The Electronic Frontier Foundation has a very useful website for Teaching Copyright issues. It is an excellent resource for teachers on a tricky subject. The website covers the issues in a balanced way I feel—it clearly states downloading copyrighted music without permission is illegal. However many of the subtle areas of fair use are discussed which are the important parts. I used their first lesson plan today and while the kids loved the Copy Quiz Game Show, I had some suggestions overall. I emailed them, but I thought I’d post them here too for others.
First of all, I made the mistake of jumping right in and not setting the context—why should my students care about copyright and fair use? I found my students took a while to focus and I think an introduction on the value of the lesson would help.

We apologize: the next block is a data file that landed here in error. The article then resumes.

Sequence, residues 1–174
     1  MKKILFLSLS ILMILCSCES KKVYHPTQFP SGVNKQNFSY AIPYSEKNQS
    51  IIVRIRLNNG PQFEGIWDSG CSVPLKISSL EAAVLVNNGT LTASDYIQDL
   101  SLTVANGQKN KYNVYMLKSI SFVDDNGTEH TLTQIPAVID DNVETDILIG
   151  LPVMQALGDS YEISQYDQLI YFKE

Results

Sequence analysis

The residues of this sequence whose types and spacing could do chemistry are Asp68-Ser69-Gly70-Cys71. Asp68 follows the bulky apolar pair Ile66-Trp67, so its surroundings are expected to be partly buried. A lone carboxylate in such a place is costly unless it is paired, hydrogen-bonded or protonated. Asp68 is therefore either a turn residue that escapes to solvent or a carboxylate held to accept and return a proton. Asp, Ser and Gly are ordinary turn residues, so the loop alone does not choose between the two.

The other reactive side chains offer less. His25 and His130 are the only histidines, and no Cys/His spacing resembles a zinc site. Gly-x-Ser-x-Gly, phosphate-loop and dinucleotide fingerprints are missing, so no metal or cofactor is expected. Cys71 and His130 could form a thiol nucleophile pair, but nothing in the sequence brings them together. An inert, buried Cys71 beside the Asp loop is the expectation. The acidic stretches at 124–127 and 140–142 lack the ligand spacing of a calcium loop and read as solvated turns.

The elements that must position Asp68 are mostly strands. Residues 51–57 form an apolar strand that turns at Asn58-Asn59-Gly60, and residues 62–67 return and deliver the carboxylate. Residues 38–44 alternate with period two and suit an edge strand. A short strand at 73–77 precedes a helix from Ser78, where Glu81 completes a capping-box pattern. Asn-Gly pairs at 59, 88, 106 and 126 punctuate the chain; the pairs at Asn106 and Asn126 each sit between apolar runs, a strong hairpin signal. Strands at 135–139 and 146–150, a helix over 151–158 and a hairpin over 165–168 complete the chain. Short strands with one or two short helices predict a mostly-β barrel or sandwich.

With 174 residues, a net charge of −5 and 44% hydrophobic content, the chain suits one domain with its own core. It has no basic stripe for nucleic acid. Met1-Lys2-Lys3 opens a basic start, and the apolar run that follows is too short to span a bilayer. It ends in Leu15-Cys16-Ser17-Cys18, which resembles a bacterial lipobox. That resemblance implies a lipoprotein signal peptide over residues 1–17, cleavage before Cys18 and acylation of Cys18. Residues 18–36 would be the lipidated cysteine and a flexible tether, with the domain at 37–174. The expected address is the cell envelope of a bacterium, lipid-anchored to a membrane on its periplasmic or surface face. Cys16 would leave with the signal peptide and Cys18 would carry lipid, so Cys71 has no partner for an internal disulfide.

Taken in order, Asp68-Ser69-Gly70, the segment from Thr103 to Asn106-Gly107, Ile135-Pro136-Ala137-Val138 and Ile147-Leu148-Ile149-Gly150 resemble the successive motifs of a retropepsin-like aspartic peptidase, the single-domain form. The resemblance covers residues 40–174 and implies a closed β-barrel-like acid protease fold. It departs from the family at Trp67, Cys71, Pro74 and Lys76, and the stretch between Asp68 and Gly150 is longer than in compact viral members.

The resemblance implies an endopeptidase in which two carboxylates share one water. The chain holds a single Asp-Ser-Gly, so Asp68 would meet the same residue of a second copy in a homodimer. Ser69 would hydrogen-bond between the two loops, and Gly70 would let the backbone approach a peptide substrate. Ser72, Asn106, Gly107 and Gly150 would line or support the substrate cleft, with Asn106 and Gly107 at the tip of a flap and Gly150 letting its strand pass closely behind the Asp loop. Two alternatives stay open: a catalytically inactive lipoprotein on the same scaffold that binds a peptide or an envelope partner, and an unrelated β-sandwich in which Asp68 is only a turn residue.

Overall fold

Second, some of the questions in the Copy Quiz Game Show are somewhat difficult to interpret when said out-loud. E.g. question 8: “Kathy downloads a few photos of local organic farms from Flickr.com… She follows the rules of the photographer’s specific CC license… That’s OK.” The true/false question hinges on just the last sentence and it is unnecessarily hard to parse when spoken aloud. Which “that” is ok? Also, in some of the questions, the teacher reads out statements which are false, such as “Paula wants to use a short quote from the Titanic in her school paper. That’s copyright infringement.” This statement is false, but in the confusion of the game, that is too easily lost. The students remember what the teacher said, but the true/false part is overwhelmed in the player’s run for a chair and the ensuing struggle. I recommend the questions be rephrased as situations, and the chairs are labeled as Legal and Illegal. That way students are concentrating on the situation and if it is legal or not. Rather than the specific phrasing of the last tricky sentence.